Category posts
Growth channels

Author:
Editorial
Traffic attribution models. Why attribution models need to change along with growth channels, product, business objective and external environment

In collaboration with GoPractice, Letyshops CMO Zakhar Stashevsky continues to discuss product growth through effective advertising channel management.

Table of contents for this series of essays

  1. Errors in calculating ROI and unit economics. Impact of attribution models and incrementality on the ROI calculation of marketing channels. In this column, we discuss why, when calculating the unit economics, it is impossible to ignore the influence of the used attribution models and advertising incrementality.
  2. Traffic attribution models. Why attribution models should change along with growth channels, product, business challenge and external environment [you are here]

In this piece, we discuss how to select attribution models to assess the effectiveness of advertising channels based on the specifics of the product, marketing mix, business objective, and environmental conditions. We will also explain why it is necessary to revise and adapt the attribution model in the event of changes in these factors.

From here on, Zakhar tells the story.

In the previous essay, we discussed how the incorrect calculation of the unit economics and ROI can lead to an underestimation or overestimation of the advertising channel and, as a result, erroneous marketing decisions. Excessive scaling or channel shutdown can lead to direct or indirect financial loss, which leads to missed growth opportunities on the market.

Such errors can happen for a variety of reasons. One of the most common is marketing and analytics teams not paying enough attention to the attribution models based on which they make their decisions. They simply use the default attribution model available in the analytics system, or select a model when they start working with a new channel but don’t change the model as the company evolves and the marketing mix, the length of the product sales cycle, and external factors change.

Test your product management and data skills with this free Growth Skills Assessment Test.

Learn data-driven product management in Simulator by GoPractice.

Traffic attribution models. Why attribution models need to change along with growth channels, product, business objective and external environment
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Author:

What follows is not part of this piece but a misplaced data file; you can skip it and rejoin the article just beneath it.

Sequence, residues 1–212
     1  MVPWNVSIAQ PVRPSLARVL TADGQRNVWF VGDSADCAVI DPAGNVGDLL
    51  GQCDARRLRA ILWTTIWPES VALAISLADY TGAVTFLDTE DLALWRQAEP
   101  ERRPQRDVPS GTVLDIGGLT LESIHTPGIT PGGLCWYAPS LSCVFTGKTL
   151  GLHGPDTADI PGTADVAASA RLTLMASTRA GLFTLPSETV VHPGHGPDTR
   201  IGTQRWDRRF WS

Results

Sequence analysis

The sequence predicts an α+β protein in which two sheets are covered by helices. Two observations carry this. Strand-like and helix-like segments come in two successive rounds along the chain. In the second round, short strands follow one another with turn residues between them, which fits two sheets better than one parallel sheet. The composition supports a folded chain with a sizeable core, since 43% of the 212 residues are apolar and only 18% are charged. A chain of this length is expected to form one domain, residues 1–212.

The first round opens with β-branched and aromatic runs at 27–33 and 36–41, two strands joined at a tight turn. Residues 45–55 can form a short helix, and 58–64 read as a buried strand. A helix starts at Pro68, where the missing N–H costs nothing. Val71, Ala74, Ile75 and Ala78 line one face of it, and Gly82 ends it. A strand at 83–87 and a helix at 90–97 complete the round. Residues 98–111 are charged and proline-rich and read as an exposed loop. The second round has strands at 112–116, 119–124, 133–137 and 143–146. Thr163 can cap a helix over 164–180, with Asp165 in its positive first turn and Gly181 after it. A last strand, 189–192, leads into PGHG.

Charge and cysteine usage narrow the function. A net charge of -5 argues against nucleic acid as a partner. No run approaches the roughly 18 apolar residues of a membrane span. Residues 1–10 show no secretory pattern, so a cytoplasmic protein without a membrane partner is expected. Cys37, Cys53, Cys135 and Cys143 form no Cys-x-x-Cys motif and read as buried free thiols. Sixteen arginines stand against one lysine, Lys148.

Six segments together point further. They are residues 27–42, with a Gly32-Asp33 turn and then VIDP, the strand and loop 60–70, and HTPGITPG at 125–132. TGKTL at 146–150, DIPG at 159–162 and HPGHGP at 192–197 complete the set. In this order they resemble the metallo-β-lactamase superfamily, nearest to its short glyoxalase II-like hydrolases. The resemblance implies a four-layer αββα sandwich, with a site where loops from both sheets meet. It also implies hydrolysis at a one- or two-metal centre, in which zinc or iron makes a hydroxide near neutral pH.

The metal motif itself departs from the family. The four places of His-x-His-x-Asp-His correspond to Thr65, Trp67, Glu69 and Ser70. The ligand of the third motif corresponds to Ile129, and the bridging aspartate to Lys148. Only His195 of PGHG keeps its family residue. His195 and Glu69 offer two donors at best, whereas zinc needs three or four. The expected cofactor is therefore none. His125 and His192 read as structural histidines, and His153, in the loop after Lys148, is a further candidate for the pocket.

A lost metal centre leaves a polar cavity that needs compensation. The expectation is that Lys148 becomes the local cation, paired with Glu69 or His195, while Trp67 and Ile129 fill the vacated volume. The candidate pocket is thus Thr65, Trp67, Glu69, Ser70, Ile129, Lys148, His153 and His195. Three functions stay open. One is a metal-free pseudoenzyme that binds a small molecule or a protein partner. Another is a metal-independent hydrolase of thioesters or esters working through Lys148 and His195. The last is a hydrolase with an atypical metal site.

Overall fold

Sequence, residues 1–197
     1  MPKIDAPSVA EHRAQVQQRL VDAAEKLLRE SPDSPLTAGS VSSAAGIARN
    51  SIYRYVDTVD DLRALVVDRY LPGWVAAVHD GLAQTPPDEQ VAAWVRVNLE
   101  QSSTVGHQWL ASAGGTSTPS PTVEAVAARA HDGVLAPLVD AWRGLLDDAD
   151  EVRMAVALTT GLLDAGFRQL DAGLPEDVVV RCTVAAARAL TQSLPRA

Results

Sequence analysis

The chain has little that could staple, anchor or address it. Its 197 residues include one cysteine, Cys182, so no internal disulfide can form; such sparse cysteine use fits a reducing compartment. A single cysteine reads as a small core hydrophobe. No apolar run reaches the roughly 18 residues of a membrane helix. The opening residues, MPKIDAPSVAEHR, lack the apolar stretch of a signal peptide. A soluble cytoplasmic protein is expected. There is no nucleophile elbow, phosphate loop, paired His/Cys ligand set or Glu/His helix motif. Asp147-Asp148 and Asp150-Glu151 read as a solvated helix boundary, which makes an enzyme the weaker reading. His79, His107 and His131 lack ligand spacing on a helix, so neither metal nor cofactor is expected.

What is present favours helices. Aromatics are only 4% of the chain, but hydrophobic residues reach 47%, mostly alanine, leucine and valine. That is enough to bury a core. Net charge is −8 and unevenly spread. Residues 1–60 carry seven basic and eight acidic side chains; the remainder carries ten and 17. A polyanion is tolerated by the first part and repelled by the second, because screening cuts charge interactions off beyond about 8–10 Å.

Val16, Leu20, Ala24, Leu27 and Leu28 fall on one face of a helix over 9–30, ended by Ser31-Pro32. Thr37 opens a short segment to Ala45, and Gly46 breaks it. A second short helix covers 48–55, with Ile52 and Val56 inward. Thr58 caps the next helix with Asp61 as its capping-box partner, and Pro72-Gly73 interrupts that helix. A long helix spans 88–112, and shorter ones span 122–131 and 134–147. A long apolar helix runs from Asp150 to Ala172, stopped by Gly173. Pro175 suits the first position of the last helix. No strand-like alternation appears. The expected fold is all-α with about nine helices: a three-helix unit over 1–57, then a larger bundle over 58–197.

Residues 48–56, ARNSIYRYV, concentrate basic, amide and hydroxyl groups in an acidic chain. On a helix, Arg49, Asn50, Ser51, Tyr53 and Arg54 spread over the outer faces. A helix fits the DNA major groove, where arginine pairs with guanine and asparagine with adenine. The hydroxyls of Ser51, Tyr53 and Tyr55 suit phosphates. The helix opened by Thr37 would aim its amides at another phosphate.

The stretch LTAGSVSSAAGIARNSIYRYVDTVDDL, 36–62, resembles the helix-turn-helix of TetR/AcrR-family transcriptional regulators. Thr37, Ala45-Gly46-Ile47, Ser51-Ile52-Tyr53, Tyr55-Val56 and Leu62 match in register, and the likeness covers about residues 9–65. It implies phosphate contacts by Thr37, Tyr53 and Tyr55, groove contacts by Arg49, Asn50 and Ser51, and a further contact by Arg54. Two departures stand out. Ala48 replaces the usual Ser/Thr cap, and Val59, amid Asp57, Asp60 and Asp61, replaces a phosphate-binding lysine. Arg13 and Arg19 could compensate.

Editorial
Errors in calculating ROI and unit economics. Impact of attribution models and incrementality on the ROI calculation of marketing channels

In a series of essays for GoPractice blog, Zakhar Stashevsky, CMO at Letyshops, will explore how to influence growth through effective channel management. Letyshops is a cashback service that allows users to return part of the money they spend on online shopping.

In the first essay, Zakhar discusses why you pay careful attention to the details of attribution model and incrementality when calculating the unit economics (ROI) of your ad campaigns.

Calculating unit economics is easy when you have perfect tracking and attribution for your ad campaigns. But in the real world, perfect tracking and attribution is virtually impossible.

Without understanding the features of the attribution methods used, the specifics of the channels, and the problem of traffic incrementality, unit economy calculation can lead to one of two errors:

  • The team underestimates the channel and does not take a full advantage of it
  • The team overestimates the channel (this is called incrementality) and loses money

Many teams make these mistakes. We made them ourselves when we were scaling Letyshops. Thanks to this experience, I can now share my thoughts on how to identify and avoid these errors.

Test your product management and data skills with this free Growth Skills Assessment Test.

Learn data-driven product management in Simulator by GoPractice.

Author:
Oleg Ya
The hidden risks of growth models relying on paid marketing